Today I have an update on transit planning for the East Colfax corridor, Denver’s iconic main street. Anyone who has traveled on or through the East Colfax area knows that it is one of the busiest urban areas of the city; however, it is not nearly as efficient as many commuters, residents and business owners would like. As this area becomes increasingly urbanized with major economic and residential developments, the need to improve transit connections in the corridor is vital to meet current and future transit demand and to reduce traffic congestion.

Two weeks ago, Denver Public Works hosted public meetings in Denver and Aurora to gauge the public’s interest in new transit technologies for the area. The three technologies being considered for the corridor are Enhanced Bus, Bus Rapid Transit (BRT) and the modern Streetcar.

The Enhanced Bus line would be an improvement over RTD’s 15 and 15L service as it would be a newer bus with nearly twice the passenger capacity.


The Bus Rapid Transit option would be similar to the Enhanced Bus line except that one lane of traffic on either side of Colfax would become a dedicated bus lane, similar to what we currently have in the far right lane of southbound Broadway.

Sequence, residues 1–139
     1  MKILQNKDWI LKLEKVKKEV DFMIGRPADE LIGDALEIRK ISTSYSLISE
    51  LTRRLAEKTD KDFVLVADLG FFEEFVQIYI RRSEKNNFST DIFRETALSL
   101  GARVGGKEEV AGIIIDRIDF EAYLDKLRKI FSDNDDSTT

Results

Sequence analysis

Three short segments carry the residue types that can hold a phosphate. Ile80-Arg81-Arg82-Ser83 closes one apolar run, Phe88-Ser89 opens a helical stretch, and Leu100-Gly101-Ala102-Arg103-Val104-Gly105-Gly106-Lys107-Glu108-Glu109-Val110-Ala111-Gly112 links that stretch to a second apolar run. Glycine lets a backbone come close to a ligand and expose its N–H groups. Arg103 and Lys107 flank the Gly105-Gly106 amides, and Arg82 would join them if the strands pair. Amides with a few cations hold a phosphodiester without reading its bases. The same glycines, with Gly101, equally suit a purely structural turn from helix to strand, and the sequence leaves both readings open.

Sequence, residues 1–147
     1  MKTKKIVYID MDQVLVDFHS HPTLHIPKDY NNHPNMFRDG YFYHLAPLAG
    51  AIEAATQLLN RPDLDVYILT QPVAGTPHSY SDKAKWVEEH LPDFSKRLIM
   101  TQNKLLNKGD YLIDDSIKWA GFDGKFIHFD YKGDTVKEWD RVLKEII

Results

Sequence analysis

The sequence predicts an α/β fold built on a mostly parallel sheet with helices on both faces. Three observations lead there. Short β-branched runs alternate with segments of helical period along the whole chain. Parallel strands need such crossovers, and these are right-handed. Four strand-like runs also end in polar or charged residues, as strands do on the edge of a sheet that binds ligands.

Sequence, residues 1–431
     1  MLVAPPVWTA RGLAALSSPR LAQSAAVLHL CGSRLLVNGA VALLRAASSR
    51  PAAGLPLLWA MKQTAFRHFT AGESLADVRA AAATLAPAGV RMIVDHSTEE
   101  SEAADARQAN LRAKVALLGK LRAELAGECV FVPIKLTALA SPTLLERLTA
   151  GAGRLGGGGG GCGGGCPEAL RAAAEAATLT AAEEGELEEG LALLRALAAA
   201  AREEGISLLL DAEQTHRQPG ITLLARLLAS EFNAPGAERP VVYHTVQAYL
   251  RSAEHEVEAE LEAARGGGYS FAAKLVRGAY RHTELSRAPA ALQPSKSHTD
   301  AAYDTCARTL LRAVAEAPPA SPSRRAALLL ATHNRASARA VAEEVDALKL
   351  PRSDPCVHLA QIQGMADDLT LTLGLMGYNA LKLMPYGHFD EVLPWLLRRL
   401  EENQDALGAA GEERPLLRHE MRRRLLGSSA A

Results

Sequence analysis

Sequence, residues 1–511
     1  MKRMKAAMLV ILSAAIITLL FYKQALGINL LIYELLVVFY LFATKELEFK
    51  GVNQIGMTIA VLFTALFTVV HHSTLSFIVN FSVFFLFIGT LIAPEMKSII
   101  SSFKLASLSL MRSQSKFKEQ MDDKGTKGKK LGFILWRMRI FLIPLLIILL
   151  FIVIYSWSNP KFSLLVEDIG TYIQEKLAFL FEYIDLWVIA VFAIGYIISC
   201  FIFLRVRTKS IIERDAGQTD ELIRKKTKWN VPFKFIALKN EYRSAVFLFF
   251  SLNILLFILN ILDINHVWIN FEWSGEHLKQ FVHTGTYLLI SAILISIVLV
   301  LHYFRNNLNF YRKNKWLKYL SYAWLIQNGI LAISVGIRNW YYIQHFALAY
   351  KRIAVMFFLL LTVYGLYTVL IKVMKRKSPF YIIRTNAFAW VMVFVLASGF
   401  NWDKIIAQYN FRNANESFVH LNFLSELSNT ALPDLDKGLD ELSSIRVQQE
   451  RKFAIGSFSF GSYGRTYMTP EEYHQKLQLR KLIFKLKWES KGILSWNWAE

The last option that Denver Public Works is currently considering is the modern Streetcar. This vehicle option would offer a capacity nearly three times greater than an existing bus and could operate in a shared or dedicated lane with electrified cables above.


All of the options would include amenities such as ticket machines, video screens with arrival information, and more efficient roll-out handicap ramps at each stop, bike storage inside the vehicles, as well as distinctive branding similar to what Dan pointed out in a recent post. These improvements would reduce transit times between destinations along Colfax and offer a more accommodating transit ride for more passengers.


The recent meetings, part of the city’s Colfax Corridor Connections effort, concluded the conceptual evaluation phase of the project as Denver Public Works will now begin their Environmental Impact Assessment and Conceptual Engineering Studies. Later this summer, a second round of public meetings will occur to discuss the details, costs and benefits to each of these proposals.

What do you think of these options?